China Policy Institute Blog

Tuning Out Beijing’s Six-Party Drumbeat

Written by Adam Cathcart. You know things are not going particularly well for China’s diplomatic efforts in Pyongyang when a visit by a small second-rank student song-and-dance ensemble from Dalian starts to look like of some kind of breakthrough in relations. But with the DPRK making ever-louder noises about some new-style nuclear deterrent, that is …

Red Lines and Correct Roads: Recent Chinese Policy Discourse on North Korea

Written by Adam Cathcart. When Chinese Foreign Minister Wang Yi talked about “a red line” at a press conference at the National People’s Congress on Saturday, one could be forgiven for imagining that China was in the process of standing up once and for all to North Korea’s transgressive behaviour. After all, in the preceding days, Kim Jong-un …

Pressing North Korea through economic sanctions: Does it work?

Written by Gyubin Choi. Inter-Korean relations could hardly be worse than they are currently. After North Korea’s third nuclear test on 12 February 2013, the military hot line between the two Koreas was disconnected, and the last symbol of inter-Korean economic cooperation, the Gaeseong Industrial Complex suspended its operations.[1] In response to the UN Security …

North Korea is Another ‘Upper Volta with Nukes,’ so Ignore Them

Written by Robert E. Kelly. Earlier this month, I posted my thoughts on the North Korea (NK) crisis at the Diplomat, where I called NK the ‘boy who cried wolf’ because no one believes their bluster anymore. The piece enjoyed good traffic, and I am happy to take up the invitation of the China Policy …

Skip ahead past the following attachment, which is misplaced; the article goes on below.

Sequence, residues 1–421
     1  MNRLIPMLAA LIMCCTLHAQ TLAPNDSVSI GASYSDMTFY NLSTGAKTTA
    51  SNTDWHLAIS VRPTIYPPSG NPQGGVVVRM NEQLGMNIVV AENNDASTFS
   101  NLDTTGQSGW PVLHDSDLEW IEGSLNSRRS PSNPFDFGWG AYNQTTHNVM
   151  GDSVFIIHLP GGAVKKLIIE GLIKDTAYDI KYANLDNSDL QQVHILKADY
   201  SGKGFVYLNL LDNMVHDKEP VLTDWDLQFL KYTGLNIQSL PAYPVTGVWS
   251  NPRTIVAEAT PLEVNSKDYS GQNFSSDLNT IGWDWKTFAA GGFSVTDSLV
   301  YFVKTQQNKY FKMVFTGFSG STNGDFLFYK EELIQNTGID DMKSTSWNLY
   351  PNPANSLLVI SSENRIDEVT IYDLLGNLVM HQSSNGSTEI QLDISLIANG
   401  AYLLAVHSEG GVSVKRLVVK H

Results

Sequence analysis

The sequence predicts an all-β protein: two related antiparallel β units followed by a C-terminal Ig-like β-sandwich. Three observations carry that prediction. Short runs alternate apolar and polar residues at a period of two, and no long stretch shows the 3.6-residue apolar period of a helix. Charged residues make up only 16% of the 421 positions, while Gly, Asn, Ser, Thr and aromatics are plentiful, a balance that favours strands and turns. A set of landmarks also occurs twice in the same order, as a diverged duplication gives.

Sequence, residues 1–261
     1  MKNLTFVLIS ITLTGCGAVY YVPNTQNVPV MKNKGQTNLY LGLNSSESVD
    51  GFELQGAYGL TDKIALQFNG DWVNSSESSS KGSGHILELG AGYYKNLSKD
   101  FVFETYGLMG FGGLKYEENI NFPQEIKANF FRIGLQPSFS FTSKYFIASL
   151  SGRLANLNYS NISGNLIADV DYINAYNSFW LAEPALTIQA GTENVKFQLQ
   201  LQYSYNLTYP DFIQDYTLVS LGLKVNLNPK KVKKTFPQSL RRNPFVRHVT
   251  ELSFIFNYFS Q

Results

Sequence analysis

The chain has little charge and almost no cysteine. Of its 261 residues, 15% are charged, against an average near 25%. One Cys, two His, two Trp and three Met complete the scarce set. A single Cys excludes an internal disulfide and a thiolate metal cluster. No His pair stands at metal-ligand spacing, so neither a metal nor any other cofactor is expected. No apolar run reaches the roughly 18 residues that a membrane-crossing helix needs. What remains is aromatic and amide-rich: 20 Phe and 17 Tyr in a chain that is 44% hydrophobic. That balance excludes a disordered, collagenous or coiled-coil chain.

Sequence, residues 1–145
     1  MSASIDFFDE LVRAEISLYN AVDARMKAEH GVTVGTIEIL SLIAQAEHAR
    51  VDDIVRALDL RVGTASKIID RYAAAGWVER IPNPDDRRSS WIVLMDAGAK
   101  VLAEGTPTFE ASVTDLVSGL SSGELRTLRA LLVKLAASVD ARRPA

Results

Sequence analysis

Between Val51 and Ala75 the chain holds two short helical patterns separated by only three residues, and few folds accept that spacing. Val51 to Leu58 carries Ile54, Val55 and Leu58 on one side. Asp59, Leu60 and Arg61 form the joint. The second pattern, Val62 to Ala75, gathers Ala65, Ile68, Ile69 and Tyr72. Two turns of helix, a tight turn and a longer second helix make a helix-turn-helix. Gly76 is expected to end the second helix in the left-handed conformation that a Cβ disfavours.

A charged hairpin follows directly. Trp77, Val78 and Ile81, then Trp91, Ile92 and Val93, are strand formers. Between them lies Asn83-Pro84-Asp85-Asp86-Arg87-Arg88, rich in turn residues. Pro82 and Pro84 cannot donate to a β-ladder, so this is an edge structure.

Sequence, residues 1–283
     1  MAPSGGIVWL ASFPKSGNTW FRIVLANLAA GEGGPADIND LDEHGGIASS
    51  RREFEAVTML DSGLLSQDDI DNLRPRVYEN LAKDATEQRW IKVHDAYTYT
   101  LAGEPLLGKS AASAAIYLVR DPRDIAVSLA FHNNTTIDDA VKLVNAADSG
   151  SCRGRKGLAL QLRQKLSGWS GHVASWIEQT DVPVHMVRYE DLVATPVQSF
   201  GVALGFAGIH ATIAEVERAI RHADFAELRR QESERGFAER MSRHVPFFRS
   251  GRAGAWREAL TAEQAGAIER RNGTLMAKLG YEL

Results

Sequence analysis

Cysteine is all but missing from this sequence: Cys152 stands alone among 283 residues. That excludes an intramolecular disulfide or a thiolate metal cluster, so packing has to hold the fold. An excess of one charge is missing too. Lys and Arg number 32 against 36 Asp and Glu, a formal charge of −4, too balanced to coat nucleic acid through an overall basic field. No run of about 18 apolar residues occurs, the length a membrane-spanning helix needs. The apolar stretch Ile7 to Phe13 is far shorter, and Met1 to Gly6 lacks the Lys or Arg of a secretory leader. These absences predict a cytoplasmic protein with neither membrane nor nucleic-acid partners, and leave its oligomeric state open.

China and the Korean Peninsula

Christoph Bluth is professor of International Studies at the University of Leeds. He is a specialist in international security and a world authority on security on the Korean Peninsula. He visited us at the School of Contemporary Chinese Studies last week to talk about China’s relations with both North and South Korea. Here’s the video …

How would China benefit from a united Korea?

By Steve Tsang The official Chinese reaction to North Korea’s third nuclear test is stern but lacks meaningful bite. Beijing proclaims itself “strongly dissatisfied and resolutely opposed” to the test, and has called for the resumption of international talks. Chinese leaders seemingly fail to recognize that this event is a game-changer, and that they no …

The Failed North Korean ‘Satellite’ Launch – an opportunity for a Sino-Japanese symbiotic solution?

By Mike Bastin. North Korea’s very recent rocket launch has of course provoked international condemnation and outrage, despite the fact that the rocket appears to have failed spectacularly. In fact, the failed launch is perhaps most remarkable for the unusually candid manner in which the North Korean media have reported the incident. Reports from North …

So where does North Korea go from here?

By Steve Tsang, published in Nottingham Post Wednesday December 28, 2011. THE leader of the last totalitarian state, Kim Jong-il, is dead. But this is not the end of near totalitarianism in North Korea or the end of the Kim dynasty. The new leader of North Korea will be Kim’s youngest son, Kim Jong-un, who …

A US overture now may find welcome in Pyongyang

Steve Tsang says Washington should certainly try, given the benefits of success. Published in the South China Morning Post, 23 December 2011. As an unpredictable nuclear power thrashes out a succession strategy for life after Kim Jong-il, the international community grows nervous. But the United  States and its allies have a rare opportunity to present …